Judy Beers

I thought you might enjoy this article which explains some of what happened to a few of the buildings at Pleasure Island. (Judy's letter continues below.)

This cottage had its beginnings as a Pleasure Island structure at the Amusement Park in Wakefield. Courtesy photo


When Richard 'Richie' and Joyce Moreschi of Middleton visit their cottage near Skowhegan, Maine, they're reminded that this building in an earlier life housed amusement park goers. The Moreschi's cottage, you see, once served as a haven for crowds at the former Pleasure Island amusement park in Wakefield. Massachusetts.

Back in 1972. Richie's boss. a caretaker at the amusement park that closed in 1969, told him that the some of the buildings were being offered for sale. The Middleton couple wondered if there might be something there they could put to use on their campsite in Maine. The structures in Wakefield were being vandalized and some had already been torn down, and a few were still salvageable and available for cheap money. Richie jumped on the opportunity.

For $75. Richie became the owner of the former "waiting room" for the "Crazy Shanty." Another friend bought the "Crazy Shanty" itself for $100. It was a building of twists and turns, and eventually it became a new home up in New Hampshire. The former railway station building was bought by Richie's boss for $200 and trucked to a site near Killington, Vermont. Reassembled, the whistle stop building served as a four-season getaway. Its owner put a lot of time and money into it, renting it out to skiers.

"The renters practically destroyed it, so he later sold it," Richie recalled. "So much for renting places out to people who don't care about such things," he added. But for Richie, whose old campsite he'd inherited from an uncle was on its last legs. "Joyce, who was pregnant at the time, fell through the floorboards. We knew it was time to do something." Richie said. With a mortgage on their home and a young family, the couple didn't have a lot of money to spare. Richie looked for a more affordable way to get the job done.

After a couple of weekends engaged in dismantling the 19- by 28-foot structure in Wakefield, Richie spent the entire summer just pulling out nails, and labeling the pieces. A cabinet maker by trade, he confessed he wasn't a builder in the sense of putting up buildings. So he had to rely on the expertise of friends and a wonderful group of Mainers to get the building pieced together again.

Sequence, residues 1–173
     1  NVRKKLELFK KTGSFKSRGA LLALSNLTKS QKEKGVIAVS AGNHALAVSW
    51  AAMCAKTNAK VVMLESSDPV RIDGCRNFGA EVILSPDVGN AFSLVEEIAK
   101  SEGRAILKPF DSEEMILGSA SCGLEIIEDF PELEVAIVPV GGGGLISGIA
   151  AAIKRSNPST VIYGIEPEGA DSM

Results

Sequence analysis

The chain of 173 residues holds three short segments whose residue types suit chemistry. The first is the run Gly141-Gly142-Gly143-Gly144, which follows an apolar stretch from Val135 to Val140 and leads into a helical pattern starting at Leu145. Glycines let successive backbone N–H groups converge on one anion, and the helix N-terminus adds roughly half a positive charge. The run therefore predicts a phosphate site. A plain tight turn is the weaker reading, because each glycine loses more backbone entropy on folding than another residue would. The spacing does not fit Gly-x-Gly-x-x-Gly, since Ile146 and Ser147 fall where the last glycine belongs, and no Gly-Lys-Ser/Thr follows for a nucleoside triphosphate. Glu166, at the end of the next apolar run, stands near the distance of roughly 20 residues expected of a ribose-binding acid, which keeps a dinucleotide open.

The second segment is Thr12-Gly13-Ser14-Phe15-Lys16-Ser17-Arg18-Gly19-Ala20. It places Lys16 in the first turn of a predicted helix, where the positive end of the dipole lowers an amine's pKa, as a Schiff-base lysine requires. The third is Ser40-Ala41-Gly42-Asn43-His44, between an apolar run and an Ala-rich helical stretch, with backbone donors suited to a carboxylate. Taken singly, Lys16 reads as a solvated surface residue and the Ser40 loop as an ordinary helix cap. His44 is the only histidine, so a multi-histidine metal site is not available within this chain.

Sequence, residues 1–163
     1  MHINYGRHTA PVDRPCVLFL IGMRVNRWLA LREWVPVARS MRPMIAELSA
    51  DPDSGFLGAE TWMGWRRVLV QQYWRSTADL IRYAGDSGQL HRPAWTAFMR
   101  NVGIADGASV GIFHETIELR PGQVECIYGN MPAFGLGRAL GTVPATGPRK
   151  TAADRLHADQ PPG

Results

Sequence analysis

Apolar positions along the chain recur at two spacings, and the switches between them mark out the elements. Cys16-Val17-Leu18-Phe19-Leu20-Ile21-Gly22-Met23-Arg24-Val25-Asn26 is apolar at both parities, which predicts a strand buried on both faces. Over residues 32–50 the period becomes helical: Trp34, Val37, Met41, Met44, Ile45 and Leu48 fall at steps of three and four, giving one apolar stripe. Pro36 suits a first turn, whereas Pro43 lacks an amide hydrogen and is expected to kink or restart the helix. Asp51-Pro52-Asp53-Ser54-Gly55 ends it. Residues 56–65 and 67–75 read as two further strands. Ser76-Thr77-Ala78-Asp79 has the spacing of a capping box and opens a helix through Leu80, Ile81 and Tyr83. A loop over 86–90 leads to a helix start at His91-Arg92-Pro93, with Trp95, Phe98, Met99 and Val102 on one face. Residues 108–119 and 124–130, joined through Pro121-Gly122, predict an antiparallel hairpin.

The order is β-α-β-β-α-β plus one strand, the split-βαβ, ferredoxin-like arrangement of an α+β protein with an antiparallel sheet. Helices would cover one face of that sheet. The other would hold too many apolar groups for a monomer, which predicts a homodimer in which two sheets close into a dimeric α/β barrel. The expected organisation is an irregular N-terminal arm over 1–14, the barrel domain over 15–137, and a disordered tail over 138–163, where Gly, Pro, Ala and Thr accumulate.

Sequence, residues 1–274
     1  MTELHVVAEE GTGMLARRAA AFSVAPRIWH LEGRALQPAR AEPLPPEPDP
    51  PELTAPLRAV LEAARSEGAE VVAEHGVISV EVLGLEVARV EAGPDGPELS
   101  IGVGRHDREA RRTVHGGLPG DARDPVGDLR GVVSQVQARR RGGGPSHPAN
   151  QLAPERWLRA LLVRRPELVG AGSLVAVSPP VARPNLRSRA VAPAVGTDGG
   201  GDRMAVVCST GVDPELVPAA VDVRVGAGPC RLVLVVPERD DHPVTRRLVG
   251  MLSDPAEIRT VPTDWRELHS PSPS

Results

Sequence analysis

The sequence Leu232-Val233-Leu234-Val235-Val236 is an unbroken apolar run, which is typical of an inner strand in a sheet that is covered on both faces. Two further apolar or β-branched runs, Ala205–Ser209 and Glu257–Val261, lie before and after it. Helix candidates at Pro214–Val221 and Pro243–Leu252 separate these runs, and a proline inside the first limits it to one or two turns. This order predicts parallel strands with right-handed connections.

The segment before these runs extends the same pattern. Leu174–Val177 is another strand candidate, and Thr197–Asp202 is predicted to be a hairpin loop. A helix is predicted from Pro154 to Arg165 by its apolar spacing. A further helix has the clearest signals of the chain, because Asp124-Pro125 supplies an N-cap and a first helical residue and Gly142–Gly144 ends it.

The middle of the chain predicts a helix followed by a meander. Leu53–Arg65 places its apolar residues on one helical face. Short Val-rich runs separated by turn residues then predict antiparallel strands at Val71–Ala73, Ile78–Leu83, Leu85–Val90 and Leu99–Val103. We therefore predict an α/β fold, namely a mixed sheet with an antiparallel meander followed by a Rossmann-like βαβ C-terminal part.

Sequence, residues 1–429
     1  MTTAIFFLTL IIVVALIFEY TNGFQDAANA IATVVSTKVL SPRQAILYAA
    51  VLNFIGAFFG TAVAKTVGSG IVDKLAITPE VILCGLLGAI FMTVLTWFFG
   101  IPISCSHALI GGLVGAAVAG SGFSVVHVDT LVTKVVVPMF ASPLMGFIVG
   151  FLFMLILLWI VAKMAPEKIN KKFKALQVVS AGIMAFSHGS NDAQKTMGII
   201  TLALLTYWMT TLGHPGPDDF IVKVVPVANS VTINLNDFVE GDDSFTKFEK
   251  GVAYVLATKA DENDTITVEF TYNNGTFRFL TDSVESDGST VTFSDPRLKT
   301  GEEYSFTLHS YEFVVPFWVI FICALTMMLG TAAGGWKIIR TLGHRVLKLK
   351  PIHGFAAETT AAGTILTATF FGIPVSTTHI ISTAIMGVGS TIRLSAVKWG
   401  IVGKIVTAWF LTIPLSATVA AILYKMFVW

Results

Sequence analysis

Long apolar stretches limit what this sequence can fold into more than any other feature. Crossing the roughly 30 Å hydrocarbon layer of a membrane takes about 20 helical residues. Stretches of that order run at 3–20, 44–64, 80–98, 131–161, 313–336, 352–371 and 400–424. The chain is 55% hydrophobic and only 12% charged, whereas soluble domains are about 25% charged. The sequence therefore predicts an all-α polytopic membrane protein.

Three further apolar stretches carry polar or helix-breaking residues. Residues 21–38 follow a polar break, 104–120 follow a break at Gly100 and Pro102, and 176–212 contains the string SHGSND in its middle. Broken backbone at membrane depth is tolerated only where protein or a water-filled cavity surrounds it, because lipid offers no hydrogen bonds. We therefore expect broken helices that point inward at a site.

"We started to rebuild on Labor Day, after my friend Dick Williams, who was in the concrete business, trucked the building up to Maine. And every weekend from Labor Day until the first of November, they worked at building a cottage. We even added nine feet to square it off," said Richie.

"It took a little beer and a lot of friends and we finally had ourselves a four-season building in Maine. We've had a lot of good times with friends and family there over the years," the couple said. A photo album attests to the memories.

Another bonus was daughter Julie's choice to attend college in Maine. During her college years, the cottage provided living accommodations for her. Julie loves the north country, so much so, she's married and is raising a family nearby.

That's okay for Joyce and Richie. The couple now make their way to Maine and have a place to stay while visiting their grandchildren.

Yes, the Pleasure Island of years ago provided a haven for young families in search of a good time. And today, we are happy to report that one of their structures has the same purposes, this time as a camp in Maine.

From the Village Reporter, Middleton MA, July 10, 2002

Richie's boss was Roy Collamora, who owned Ray's Cabinet Shop on Foundry Street. The friend who bought the crazy Shanty is my husband Tom Beers. Another building was purchased by Bob and Glenda Gotlaudauro. That one is a camp in Wakefield, NH.

Each building was totally dismantled. In our case, Tom precut all the pieces, trucked them to Jefferson NH and built a camp.

The wood was prime lumber, just a few years old. We were grateful to get the opportunity & delighted to have such a history in our camp.


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